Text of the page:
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Police find missing Markham man thanks to wristband tracker

Police located a man missing from Markham on Wednesday with the help of a battery-operated wristband tracker.

In a news release Friday, York Regional Police said officers were able to pinpoint the 69-year-old man’s exact location on a TTC bus in the area of McCowan Road and Finch Avenue, thanks to the tracker.

Police released video footage of the rescue, capturing the moment officers learning the missing man had been found.

In the video, various officers can be heard saying, “Project Lifesaver is going off. Just confirming you found him? Got him. Let’s go. They got him? They got him. Let’s go. Let’s go. Wow. That’s insane. No way that could’ve been done without this helicopter.”

Participants of the police’s Project Lifesaver program wear a personal, one-ounce, battery-operated wristband that transmits an FM radio frequency 24-hours a day, the release said.

That frequency can be detected using a mobile tracking system, which police say helps them find and protect vulnerable citizens.

York police Const. Pete Gerulath, who was in the rescue helicopter, said at a news conference Friday that this was the first time police successfully used the chopper with Project Lifesaver wristbands to locate a missing person.

“Normally these… calls are resolved quite quickly on the ground, with members in police vehicles or on foot. But the fact that this gentleman had entered on the transit, traveled a significant portion away, traditional ground search methods wouldn’t have been successful,” said Gerulath.

Eligibility for tracker 

According to the police’s program website, participant must meet certain requirements to be eligible for the program. For those who do, participation is free, police say.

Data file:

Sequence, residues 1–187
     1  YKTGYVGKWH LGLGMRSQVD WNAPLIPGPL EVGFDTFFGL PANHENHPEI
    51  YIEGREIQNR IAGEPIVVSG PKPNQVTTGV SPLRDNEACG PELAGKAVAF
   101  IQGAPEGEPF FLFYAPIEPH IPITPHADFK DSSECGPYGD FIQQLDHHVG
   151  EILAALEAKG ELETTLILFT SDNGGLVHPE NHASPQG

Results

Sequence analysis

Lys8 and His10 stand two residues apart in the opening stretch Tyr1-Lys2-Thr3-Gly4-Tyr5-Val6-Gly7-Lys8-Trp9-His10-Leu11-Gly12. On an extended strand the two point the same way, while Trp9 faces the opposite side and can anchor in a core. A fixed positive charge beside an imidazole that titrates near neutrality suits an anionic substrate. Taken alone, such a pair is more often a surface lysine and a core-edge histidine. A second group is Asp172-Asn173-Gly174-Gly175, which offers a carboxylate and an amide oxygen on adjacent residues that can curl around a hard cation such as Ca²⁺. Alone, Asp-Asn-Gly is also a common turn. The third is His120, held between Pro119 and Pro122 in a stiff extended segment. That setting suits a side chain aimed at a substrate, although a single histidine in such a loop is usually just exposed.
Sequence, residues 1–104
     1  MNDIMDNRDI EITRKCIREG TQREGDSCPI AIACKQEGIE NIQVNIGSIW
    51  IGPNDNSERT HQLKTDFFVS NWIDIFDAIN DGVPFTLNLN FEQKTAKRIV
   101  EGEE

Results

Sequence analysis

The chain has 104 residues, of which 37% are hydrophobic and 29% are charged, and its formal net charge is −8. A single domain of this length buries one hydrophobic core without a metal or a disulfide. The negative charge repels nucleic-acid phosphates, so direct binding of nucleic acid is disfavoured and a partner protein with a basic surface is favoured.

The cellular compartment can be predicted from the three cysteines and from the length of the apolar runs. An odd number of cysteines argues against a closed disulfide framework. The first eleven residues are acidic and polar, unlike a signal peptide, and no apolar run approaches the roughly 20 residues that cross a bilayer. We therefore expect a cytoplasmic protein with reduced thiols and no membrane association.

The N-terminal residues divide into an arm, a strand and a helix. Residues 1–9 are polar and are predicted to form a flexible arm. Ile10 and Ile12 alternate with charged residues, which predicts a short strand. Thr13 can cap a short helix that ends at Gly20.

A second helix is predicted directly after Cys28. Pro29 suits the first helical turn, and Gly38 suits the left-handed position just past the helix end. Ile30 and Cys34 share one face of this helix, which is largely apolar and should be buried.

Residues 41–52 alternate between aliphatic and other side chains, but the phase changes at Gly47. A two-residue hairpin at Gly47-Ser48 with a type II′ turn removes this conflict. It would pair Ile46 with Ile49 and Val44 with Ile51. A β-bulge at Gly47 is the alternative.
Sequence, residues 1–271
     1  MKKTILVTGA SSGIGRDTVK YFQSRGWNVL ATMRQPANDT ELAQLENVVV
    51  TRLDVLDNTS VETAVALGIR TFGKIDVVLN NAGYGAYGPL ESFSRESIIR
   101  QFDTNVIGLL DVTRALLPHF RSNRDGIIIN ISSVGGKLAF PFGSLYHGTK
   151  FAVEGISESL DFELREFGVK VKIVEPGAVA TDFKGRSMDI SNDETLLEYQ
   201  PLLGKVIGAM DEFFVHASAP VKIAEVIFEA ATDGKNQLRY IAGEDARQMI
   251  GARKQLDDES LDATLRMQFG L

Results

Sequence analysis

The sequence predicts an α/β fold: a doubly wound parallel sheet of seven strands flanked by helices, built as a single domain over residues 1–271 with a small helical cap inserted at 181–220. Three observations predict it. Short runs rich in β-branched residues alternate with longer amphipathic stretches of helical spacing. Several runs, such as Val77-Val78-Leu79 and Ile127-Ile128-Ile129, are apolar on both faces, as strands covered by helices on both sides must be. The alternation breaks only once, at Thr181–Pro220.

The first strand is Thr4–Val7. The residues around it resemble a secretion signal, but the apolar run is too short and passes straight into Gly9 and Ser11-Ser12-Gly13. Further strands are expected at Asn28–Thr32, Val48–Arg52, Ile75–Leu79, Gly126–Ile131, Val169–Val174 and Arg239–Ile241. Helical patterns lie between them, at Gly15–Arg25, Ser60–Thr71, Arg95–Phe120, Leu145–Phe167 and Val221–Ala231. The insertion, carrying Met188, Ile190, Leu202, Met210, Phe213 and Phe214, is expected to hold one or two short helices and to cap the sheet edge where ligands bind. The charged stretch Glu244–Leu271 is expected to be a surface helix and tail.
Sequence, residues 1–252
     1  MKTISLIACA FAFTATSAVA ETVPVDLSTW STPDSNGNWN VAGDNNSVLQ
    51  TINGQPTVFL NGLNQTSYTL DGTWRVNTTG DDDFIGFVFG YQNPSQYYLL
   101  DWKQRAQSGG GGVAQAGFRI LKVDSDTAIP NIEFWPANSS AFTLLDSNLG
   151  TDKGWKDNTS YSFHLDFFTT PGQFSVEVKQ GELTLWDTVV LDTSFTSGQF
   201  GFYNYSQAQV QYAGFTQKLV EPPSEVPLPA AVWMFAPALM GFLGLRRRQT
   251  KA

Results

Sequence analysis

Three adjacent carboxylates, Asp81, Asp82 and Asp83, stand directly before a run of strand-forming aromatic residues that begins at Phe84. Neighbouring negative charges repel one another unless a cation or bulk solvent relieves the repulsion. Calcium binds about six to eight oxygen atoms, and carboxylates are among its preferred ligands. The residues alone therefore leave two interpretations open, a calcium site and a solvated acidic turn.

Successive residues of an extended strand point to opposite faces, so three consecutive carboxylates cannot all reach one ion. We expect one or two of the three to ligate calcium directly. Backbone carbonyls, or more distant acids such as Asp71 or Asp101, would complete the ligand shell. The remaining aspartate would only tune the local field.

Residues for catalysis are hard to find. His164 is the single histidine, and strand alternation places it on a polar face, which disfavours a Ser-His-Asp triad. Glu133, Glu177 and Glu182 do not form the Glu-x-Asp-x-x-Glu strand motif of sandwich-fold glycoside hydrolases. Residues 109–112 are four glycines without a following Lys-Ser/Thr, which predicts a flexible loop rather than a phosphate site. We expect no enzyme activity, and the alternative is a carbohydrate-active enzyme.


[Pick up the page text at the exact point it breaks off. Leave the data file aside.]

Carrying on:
The person must be living with cognitive impairment, such as Alzheimer’s, dementia, autism or another condition that puts a person at risk of wandering. They must be monitored by, or reside with, a caregiver, or in a section of a facility that is not secure.

The participant must live in York Region and must not be involved in un-supervised activities that might increase risk of wandering. They also must not operate a motor vehicle.

Applicants can contact York police’s community engagement and wellbeing team.

Gene Saunders, CEO and founder of Project Lifesaver, says there have been about 4,200 documented rescues using the program. He said he was “very pleased” to read the report from York this week about another successful use of his technology.

“One of the most pleasing aspects of my position is being able to read those,” he said.

Saunders says searches for people with dementia come with particular difficulties, since the person being searched for often won’t respond to people calling for them and can wander off without a pattern. He says he developed the technology after several frustrating searches as a police officer in the 90s.

He says the company is working with the city of Toronto and he hopes the city will take up the tool as well.

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